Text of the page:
New-York Journal (September 10, 1767).

“Hughes’s Night School, Commences on the 14th Instant.”

In early September 1767, Hughes turned to the New-York Journal to advertise the opening of his night school in the middle of the month. His entire notice consisted of only eight words: “Hughes’s Night School, Commences on the 14th Instant.” Given the brevity of this advertisement, especially in comparison to those placed by other schoolmasters throughout the colonies, Hughes must have assumed that the general public was already aware of all the important details, everything from the curriculum to the hours of instruction to the location.

What Hughes’s advertisement lacked in relaying information it made up for in experimenting with layout designed to attract the attention of potential students. John Holt, the printer of the New-York Journal, and the compositor had developed a fairly standard visual appearance for advertisements inserted in that newspaper. They used a single font size for news items and most of the text included in advertisements, but headlines for advertisements (most often an advertiser’s name) appeared in a significantly larger font, regardless of the length of the advertisement. The first line of the body of the advertisement often featured a font only slightly larger than that used for the remainder. Advertisements by Philip Livingston and Peter Remsen that appeared in the same column as Hughes’s advertisement fit the general pattern when it came to the graphic design of paid notices in the New-York Journal.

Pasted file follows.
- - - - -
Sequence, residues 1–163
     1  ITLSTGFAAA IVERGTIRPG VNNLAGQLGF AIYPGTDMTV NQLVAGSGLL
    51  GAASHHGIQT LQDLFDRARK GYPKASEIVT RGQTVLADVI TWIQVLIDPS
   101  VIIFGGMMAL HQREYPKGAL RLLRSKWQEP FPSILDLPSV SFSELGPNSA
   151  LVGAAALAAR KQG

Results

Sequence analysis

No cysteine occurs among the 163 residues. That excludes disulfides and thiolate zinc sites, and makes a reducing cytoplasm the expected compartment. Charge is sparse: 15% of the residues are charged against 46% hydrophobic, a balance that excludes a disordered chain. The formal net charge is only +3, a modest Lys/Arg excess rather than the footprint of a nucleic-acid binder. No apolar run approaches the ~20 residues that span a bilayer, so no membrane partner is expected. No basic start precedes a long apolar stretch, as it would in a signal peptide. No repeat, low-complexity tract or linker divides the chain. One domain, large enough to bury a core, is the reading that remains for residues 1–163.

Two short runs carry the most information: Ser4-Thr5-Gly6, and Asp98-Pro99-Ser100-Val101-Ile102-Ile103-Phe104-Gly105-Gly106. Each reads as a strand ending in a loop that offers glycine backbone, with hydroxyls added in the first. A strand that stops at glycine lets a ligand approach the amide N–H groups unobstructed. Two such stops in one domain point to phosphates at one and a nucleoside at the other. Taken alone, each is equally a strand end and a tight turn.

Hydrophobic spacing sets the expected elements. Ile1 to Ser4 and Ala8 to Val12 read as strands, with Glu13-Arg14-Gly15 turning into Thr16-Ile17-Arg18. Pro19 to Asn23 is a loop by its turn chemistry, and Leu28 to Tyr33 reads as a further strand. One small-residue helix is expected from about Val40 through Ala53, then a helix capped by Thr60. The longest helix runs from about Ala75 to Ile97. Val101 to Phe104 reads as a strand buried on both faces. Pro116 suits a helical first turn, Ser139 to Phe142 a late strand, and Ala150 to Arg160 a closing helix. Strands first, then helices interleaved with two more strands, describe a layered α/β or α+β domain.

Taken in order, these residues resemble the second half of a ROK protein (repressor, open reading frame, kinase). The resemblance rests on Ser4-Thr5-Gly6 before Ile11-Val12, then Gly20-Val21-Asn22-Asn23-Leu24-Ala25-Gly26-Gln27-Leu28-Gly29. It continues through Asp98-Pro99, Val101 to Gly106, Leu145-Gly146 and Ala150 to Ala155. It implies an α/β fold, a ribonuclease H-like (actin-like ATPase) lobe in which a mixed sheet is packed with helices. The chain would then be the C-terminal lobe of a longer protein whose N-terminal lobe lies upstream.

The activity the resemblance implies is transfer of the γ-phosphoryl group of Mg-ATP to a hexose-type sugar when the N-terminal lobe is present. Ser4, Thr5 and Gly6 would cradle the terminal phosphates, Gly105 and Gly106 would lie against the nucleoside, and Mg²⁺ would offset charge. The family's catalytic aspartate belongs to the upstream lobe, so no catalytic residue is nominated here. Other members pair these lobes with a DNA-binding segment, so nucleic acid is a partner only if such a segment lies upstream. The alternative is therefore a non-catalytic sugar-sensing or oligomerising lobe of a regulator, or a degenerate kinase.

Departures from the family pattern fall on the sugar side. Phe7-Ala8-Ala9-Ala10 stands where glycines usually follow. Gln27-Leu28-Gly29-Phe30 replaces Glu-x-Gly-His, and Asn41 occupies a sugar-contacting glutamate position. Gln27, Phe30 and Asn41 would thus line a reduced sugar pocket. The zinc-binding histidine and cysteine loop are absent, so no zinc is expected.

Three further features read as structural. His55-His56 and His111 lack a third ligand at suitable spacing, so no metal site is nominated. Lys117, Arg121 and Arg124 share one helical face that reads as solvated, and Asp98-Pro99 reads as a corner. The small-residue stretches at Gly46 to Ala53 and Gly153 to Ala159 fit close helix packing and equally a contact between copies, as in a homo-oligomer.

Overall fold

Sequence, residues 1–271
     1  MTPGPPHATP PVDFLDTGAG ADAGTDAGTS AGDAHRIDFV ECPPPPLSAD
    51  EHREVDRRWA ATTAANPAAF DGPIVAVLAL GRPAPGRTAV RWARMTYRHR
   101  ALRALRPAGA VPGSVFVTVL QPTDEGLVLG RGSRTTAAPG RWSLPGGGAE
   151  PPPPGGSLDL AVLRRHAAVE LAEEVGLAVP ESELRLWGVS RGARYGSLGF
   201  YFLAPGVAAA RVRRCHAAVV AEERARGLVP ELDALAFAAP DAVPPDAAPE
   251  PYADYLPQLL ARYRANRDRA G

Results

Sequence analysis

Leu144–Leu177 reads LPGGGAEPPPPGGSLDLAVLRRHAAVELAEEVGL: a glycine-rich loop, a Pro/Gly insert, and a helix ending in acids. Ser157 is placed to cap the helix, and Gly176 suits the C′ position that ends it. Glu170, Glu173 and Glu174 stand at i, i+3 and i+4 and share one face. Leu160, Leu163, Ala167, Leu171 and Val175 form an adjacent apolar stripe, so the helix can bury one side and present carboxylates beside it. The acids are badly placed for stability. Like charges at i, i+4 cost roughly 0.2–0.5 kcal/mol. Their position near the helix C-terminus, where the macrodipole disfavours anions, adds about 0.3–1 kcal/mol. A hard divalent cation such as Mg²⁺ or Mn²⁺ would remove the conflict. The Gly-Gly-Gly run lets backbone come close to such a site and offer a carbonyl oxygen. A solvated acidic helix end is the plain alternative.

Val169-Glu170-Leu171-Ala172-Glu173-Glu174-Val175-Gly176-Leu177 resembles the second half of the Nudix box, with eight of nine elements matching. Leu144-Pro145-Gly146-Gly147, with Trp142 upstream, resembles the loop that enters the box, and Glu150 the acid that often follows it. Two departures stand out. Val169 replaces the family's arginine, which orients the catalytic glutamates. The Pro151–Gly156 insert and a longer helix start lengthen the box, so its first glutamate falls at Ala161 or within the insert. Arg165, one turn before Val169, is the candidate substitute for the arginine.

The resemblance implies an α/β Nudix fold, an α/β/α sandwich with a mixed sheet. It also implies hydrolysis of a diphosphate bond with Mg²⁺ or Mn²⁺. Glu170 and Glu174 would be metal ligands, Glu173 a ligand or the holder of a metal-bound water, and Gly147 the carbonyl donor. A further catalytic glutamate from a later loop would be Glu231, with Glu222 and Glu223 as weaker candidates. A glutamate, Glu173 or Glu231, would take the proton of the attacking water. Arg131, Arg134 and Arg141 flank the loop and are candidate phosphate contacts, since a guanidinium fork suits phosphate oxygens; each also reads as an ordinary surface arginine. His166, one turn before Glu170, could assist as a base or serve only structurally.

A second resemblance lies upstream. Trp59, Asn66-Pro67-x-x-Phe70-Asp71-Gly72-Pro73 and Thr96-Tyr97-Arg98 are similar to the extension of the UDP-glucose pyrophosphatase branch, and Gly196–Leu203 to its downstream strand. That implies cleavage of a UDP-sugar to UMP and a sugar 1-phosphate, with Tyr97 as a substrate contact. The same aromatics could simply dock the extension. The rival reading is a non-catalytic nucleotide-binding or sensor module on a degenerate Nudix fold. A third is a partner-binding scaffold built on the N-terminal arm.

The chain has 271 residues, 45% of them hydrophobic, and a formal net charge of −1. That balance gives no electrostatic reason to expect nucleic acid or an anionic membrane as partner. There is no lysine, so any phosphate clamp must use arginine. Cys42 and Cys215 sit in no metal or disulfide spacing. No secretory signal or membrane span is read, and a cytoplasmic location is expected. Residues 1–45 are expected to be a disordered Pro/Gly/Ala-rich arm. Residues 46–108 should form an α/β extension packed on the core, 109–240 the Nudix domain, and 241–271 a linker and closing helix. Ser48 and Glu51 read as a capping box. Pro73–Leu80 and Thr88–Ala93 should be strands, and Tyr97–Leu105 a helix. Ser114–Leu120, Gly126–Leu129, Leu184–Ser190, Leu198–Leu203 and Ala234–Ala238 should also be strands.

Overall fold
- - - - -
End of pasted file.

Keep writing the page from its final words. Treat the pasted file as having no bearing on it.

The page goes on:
Sep 13 - Extra Adverts from New-York Journal
New-York Journal (September 10, 1767).

Every word and every line of Hughes’s advertisement appeared in larger font sizes. The size of “Commences on the 14th instant,” the smallest in this advertisement, paralleled that of headlines in other advertisements throughout the standard issue and the supplement. The size of “Night School” rivaled the size of the newspaper’s title in the masthead. The size of the schoolmaster’s name far exceeded anything else printed in the issue or the supplement. Hughes’s message to potential students was short and straightforward, but the visual aspects had been designed to distinguish it from everything else on the page.

Newspapers published in colonial America’s largest cities in the 1760s often had a surplus of advertising, so much that they often had to print supplements to accommodate all of them. Space was limited, causing printers and compositors to standardize some of the visual aspects, including limiting the size of most text in advertisements. On occasion, however, they experimented with other formats that would have had a much different effect on readers accustomed to a particular style. Hughes’s relatively short advertisement for his “Night School” certainly stood out on the page.